If the building closure were to go through, Dr. Smith reassured the audience that steps would be taken to make age-appropriate alterations to the schools involved. “The next step in this whole process would be to put together a transition committee of parents and staff associated with each of the moves at the grade levels. They would be charged with coming up with a list of recommended accommodations at the buildings and the sites that would be responsive to the needs of the kids.” Any changes to be made would be paid for by funds remaining from an earlier school bond. “We have about a million dollars of authorized borrowing for our elementary schools that we have not yet done,” he said.
Audience reaction to Dr. Smith’s presentation was mostly civil, with many community members asking probing questions, searching for a way to save Tappan Hill. Listening to the response, what came across more than anything was just how much many parents hate the idea of first graders in Morse school. Dr. Smith acknowledged that Morse was not ideal for that age group—it was designed as a Secondary School after all — and did what he could to allay those concerns. “There are a number of accommodations that have been made over the years [to Morse],” he said, “and there will be some looking at what other kinds of reasonable accommodations can be made to address the developmental needs of first graders.”
Despite Dr. Smith’s sobering presentation, Board of Education President Mimi Goodwin reminded everyone that it was only a recommendation, and that the ultimate decision lies with the Board, not the Superintendent. “Let me just be clear to all of you,” she said. “We, as a Board, have had no discussions at all about the recommendation to close Tappan Hill. We are in the very, very beginning of this process. We invite you — we want you — to be part of this process and to walk through it with us.”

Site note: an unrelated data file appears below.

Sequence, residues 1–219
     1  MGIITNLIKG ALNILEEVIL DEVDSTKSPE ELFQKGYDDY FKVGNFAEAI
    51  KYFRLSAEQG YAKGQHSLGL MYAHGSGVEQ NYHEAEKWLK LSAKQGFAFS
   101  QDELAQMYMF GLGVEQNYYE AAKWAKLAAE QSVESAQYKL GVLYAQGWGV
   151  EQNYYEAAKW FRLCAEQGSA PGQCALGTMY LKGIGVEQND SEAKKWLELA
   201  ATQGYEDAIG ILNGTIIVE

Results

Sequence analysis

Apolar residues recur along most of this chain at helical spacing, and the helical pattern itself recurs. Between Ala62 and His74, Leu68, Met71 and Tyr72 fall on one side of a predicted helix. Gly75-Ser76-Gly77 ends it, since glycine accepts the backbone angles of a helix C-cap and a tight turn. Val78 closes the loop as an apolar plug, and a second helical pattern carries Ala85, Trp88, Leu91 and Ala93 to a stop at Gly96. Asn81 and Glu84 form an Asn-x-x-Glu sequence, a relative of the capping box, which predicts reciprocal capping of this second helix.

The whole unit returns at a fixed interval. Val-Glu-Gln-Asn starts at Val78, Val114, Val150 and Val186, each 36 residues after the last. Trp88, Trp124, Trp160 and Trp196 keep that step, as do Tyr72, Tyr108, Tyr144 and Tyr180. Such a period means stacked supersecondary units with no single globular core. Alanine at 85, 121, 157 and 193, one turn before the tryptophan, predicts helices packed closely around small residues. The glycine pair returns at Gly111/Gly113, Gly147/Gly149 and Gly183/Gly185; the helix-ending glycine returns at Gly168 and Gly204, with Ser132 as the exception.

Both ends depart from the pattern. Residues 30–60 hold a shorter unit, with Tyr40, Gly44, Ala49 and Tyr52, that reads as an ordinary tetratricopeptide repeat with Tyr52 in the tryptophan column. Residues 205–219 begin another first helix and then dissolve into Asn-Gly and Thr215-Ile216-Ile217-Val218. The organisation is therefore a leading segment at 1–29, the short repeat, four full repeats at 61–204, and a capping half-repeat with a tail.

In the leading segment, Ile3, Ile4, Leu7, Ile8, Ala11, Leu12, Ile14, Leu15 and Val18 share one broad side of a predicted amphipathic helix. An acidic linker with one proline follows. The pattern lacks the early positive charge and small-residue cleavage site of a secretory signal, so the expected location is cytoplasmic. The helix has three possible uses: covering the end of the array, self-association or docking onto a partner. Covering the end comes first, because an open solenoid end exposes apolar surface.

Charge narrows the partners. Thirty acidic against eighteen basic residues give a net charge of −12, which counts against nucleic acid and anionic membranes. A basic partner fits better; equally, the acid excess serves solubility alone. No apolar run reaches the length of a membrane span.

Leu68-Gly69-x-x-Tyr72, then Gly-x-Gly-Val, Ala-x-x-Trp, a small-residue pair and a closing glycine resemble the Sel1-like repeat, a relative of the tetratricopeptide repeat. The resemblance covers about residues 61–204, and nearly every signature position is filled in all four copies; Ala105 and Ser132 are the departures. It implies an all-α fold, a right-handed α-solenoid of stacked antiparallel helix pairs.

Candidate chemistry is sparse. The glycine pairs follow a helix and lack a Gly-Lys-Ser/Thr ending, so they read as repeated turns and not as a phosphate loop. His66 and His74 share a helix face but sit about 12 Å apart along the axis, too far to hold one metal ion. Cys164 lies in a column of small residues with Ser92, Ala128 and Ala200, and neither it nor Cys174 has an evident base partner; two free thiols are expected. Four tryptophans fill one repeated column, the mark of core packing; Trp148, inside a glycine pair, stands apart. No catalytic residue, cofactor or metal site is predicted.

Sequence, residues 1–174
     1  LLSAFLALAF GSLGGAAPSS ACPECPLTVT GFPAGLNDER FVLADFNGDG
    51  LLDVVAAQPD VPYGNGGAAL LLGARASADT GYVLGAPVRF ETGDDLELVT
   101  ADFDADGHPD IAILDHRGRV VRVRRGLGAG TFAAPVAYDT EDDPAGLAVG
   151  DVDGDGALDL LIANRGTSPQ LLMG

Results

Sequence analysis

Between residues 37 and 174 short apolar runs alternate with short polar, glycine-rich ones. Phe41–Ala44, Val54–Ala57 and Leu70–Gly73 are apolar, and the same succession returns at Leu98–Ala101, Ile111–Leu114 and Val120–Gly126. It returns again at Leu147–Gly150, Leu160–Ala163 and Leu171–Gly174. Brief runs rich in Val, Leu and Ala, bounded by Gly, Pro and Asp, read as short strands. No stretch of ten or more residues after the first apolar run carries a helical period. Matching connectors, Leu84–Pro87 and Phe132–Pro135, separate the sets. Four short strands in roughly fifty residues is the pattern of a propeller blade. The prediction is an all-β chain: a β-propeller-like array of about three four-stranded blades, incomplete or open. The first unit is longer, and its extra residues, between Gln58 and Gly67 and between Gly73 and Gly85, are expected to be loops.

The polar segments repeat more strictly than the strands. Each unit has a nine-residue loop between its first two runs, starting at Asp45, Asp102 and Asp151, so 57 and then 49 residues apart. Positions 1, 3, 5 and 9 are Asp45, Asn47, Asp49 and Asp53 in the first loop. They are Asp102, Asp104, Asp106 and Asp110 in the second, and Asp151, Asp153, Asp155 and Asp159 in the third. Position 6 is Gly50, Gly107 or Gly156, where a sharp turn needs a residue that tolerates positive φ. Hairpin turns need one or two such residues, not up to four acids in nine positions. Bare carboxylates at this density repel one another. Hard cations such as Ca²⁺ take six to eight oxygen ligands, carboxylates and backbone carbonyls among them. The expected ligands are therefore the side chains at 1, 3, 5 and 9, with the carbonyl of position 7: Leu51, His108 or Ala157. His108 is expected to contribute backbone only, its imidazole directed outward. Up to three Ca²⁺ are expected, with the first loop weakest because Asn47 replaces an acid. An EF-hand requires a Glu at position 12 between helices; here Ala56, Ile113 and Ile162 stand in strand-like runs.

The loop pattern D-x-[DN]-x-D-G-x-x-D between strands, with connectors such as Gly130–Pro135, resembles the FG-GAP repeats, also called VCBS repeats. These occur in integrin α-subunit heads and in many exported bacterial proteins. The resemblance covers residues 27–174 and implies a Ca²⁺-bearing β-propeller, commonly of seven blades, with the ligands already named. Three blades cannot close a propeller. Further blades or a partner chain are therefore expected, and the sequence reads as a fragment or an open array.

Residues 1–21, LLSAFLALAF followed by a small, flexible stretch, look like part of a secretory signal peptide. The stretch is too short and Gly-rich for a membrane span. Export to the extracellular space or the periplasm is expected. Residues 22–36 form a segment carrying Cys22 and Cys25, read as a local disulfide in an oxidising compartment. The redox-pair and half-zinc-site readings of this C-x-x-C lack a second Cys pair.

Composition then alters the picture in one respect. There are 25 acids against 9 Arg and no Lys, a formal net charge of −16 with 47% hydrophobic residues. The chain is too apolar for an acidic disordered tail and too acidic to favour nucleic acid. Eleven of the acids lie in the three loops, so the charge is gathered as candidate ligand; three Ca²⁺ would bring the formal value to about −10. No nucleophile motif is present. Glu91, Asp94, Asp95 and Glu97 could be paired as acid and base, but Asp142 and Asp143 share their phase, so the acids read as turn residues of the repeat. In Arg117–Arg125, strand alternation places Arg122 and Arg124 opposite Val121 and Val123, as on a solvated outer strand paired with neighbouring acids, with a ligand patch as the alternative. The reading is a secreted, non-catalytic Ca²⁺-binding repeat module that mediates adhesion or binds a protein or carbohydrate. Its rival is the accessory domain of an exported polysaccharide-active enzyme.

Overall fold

Walking through the process will entail a series of public meetings, most notably the Board meeting/work session held onThursday, March 18 at the John Paulding multi-purpose room. The meeting was to start with a complete discussion of the budget and the Tappan Hill closure, and then everyone was to be divided into smaller groups to discuss the issues and come up with ideas and proposals before gathering together once again to hear feedback.
The desire is to really get the community involved in this issue. Said Dr. Smith, “We’re trying to be very open about sharing the dilemma that we face.” His hope is that by bringing the community at large into the process, a course of action can be determined that, while not ideal, is something that all parties involved — administration, faculty, parents, and community members — can rally around to provide the best education to the district’s students.